After a semi-grueling and heavily Tim Horton’s fueled weekend of volleyball, I was happy to make it back into Toronto in time for the Sunday Yin class at Moksha (at this studio, Yin, like Moksha, is done in the heated room, but it’s a less active form of yoga—instead of activating cardiovascular activity with flows, balance, and strength in what is known as yang practice, yin slows the body down, allowing the muscles and joints to sink into long holds and get into the real gritty deep stuff in your body). It’d been a weekend of failing to warm up, forgetting to stretch, and subsiding on some heavily-preserved foodstuffs. So it seemed only appropriate to get in a good stretch, and I was doubly happy when I remembered this was the week they were screening a documentary I’d been wanting to see.
As part of the Living Your Moksha challenge’s Week 1: Living Healthy, Moksha did a screening of FoodMatters, an excellent doc which revolves around Socrates’ principle “let food be thy medicine, and they medicine be food,” and highlighted all the of the vicious vircles created by the medical community, the emphasis on drugs, the fact that most doctors have absolutely ZERO formal training in nutrition or the influences one’s diet has on their health (no one here’s heard of type 2 diabetes? Um, hello, cancer-causing toxins?). There was lots to be learned, including: no, you can’t really overdose on vitamins; vitamin and mineral deficiencies are the root cause of more things than you can imagine; cooking food actually makes your body perceive it as toxic; and you can’t fully remove toxins unless you first detoxify and then replace the bad stuff with some new, good foods and nutrients. 106,000 people die EVERY YEAR in America due to KNOWN adverse side effects of the drugs they took as prescribed by their doctors, an Lord knows if those drugs had any actual positive effects (in comparison, the last 20+ years have seen 10 deaths that are suspected to be due to vitamin overdoses). But your doctor isn’t sponsored by a vitamin company, and buying nutritious food and being healthy doesn’t make money for American doctors, at least. We in Canada, I think could entirely reverse our problems about the cost of medicating our aging population by 2050, maybe sooner if we shifted the focus and treatment to nutritive prevention rather than treatment. Food for thought. Tons of great information, tons of very interesting things to think about. David Wolfe, raw, superfood activist (I can’t even tell you how many times he said raw cacao was the best food in the world for you.. I’m just fine with that) and Charlotte Gerson, part of the Gerson Institute—which treats the ‘uncurable’ diseases like cancer with high vitamin dosages and healthy diets have both stirred up a little something in me to investigate this further… stay tuned.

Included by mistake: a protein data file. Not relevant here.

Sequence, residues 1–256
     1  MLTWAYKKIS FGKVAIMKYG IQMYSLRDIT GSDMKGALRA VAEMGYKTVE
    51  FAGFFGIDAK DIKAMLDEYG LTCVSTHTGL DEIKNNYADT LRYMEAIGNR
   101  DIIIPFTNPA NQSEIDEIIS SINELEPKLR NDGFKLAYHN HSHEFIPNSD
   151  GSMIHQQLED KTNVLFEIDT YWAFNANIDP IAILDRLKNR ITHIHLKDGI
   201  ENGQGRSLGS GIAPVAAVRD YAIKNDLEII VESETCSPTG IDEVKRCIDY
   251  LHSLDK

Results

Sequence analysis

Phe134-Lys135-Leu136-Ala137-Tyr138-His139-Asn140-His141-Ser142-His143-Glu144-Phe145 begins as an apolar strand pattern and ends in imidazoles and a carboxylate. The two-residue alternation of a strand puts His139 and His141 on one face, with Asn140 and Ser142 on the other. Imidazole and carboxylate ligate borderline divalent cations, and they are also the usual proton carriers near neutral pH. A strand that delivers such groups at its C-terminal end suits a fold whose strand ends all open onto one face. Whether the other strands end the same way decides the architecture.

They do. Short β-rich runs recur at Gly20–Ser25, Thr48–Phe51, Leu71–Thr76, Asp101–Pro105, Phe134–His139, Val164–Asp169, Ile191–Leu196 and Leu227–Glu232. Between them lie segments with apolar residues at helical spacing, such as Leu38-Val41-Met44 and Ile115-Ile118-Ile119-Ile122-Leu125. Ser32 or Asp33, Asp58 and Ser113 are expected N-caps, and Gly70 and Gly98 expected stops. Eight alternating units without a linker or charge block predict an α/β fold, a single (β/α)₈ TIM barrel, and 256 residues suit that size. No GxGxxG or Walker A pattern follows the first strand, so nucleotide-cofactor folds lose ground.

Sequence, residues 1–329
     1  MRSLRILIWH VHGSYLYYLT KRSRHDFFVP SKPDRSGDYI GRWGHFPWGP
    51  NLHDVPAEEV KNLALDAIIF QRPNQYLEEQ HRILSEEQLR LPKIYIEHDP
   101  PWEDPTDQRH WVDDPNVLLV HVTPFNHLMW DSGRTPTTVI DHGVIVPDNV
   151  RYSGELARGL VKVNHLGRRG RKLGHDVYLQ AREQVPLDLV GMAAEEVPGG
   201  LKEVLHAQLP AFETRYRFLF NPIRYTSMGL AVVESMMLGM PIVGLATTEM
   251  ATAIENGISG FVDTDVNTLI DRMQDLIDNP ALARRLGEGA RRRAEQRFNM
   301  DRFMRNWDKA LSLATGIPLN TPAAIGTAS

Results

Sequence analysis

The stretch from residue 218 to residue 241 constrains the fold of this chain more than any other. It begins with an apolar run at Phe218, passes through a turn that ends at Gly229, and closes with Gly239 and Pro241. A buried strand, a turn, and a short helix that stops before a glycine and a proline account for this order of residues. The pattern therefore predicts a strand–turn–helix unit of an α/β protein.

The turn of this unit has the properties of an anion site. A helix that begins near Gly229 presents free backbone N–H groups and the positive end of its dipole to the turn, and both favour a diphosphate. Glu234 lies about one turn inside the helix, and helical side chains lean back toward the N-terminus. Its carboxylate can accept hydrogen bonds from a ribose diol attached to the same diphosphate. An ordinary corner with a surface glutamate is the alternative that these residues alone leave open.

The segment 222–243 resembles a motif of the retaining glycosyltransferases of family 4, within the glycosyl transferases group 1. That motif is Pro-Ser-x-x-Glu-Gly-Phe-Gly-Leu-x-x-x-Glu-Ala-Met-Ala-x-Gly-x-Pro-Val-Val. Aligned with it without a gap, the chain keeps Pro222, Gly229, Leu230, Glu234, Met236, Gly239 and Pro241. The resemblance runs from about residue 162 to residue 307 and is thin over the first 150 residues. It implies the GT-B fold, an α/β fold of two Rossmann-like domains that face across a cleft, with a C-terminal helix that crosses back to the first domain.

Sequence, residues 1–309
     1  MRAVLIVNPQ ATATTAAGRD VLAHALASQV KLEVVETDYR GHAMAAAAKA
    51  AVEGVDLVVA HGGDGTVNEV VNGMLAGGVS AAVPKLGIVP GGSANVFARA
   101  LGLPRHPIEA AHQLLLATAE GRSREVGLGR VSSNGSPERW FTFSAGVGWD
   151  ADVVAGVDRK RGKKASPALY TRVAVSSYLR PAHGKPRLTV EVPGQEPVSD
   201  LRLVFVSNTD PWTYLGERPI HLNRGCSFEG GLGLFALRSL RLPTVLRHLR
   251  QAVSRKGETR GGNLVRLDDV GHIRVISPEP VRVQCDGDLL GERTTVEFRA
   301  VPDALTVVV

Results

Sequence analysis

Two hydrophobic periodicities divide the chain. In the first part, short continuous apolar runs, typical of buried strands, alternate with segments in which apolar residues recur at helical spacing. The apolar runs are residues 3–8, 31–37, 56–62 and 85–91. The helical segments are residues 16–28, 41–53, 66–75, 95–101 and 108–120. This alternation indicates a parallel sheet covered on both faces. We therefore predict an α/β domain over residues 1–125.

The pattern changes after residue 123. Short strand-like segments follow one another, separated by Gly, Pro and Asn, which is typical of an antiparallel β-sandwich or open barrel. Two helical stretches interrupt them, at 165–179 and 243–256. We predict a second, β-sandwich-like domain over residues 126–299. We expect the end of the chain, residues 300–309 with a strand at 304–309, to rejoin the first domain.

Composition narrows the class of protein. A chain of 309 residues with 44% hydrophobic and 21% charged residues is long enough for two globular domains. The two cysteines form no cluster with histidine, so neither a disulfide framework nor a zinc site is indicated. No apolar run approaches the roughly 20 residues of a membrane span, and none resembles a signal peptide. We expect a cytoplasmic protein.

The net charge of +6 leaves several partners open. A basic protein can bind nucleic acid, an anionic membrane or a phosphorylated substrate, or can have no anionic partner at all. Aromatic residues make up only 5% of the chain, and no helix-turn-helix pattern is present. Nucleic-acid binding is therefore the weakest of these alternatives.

Oh! And, if your mental health is ever suffering, ie. feeling a little down on yourself (ie. the sorry state I was in after this weekend’s sad 0-10 showing at the vball tourney), encourage yourself with the resonant words of Jessica: